For the past four and a half years, Denise Bowers has showed up, dedicating her time at Sound’s Belltown facility supporting Sound clients as a peer support specialist in the Clean Start Program. Clean Start is modeled after the “Day Center” concept, providing a place for people to gather, and with it, the chance to be part of a community. Many of the clients, men and women of all ages, ethnicities and life experiences, have struggled with addiction and homelessness in their lives and are on the road to recovery. Clean Start offers these individuals the opportunity to experience fellowship and the company of others. It offers them the chance to enjoy a warm meal, to wash their laundry, to take a shower, to get case management support, or to simply have respite from the outside world.
With a small case load, and providing overall support, Denise feels at home here, and is a trusted and valued friend to many clients who come through our doors.
“Having this job that impacts lives,” she says proudly, “it means everything. Some days I wake up and go ‘this is not really my life.’”
Sound clinicians applaud her essential part of the team.
“Denise is such an important presence at Belltown,” says her supervisor, Carmen Wilson. “She is able to meaningfully connect with clients in a way that other staff can’t, which makes a huge difference with Belltown’s hard-to-reach population. It also gives clients hope to see everything she has accomplished – they can identify with her story, and can envision what is possible in their future. Denise often serves as a link between clinical staff and clients. During the COVID-19 pandemic, this link has been vital to maintain contact with clients who we otherwise would’ve lost touch with.”
As a team member with lived experience with addiction, Denise knows a thing or two about the things our clients have experienced. Approximately six years ago, she, herself, was a Sound client. A resident at the Willows House, a unique residential facility that provides case management, mental health and addiction treatment for women in recovery — that also houses their children.
Because she was able to have her children with her while she was there, it really inspired and motivated her to stay the course. Parenting programs and support ensured that she had support along the way.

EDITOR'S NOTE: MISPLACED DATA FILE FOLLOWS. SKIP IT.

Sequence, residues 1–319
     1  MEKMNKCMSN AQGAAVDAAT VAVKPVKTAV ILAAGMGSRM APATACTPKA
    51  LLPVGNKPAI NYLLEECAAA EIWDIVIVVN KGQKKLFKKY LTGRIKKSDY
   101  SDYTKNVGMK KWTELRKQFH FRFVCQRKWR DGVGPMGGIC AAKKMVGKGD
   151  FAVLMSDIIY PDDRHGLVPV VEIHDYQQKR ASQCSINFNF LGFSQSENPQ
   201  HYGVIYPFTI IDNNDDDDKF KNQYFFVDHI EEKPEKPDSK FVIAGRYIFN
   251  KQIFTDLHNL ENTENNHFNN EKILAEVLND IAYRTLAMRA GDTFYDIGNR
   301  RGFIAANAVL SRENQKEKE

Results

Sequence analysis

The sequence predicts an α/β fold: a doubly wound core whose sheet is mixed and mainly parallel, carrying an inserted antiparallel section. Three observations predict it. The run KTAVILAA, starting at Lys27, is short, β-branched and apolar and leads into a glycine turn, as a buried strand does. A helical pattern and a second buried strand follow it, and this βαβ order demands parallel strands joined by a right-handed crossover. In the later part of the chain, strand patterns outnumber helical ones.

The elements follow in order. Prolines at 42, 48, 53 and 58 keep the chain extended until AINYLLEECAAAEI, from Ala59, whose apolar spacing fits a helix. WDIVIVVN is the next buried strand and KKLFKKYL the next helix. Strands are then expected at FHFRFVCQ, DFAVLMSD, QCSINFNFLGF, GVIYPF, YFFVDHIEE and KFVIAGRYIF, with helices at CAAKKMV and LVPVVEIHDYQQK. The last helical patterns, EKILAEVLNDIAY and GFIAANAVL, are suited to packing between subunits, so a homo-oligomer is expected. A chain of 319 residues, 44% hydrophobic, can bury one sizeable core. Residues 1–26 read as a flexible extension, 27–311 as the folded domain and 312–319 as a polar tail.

“It helps you grow,” she says, “most likely into a person you didn’t even know you could become.”
After undergoing intensive inpatient treatment at another provider, she was accepted into the Willows House program and stayed there for 18 months before graduating (she graduated earlier than the two years required). When she was unexpectedly offered the opportunity at Clean Start, an opportunity to give back through her own lived experience, she took it. For her, the work at Clean Start is meaningful, impactful and very life-affirming work.
“I come from a life of addiction,” she intimates. “I think a lot of them (clients) come to me…because they know I’ve gone through it and that I can hear what they are saying; that I can hear the fear of not being able to stop, the fear of not knowing what’s going on…the fear of not knowing if they are going to have a home anymore, or if they are ever going to get the help they need.”
She believes that sharing her story will help to shed light on services available to people who don’t know about them, or have lost hope for recovery.
“When I was trying to get off the streets, and begin my recovery, I had no idea what to do,” she says. “I just happened to be pregnant and have two children already. I had no idea where to go other than a hospital. The more resources in the community that we make known to people struggling will benefit those that need the support and don’t know where to go to get it.”
Sound has featured the Clean Start program, where Denise now works, in a video that is part of Sound’s year-end giving effort.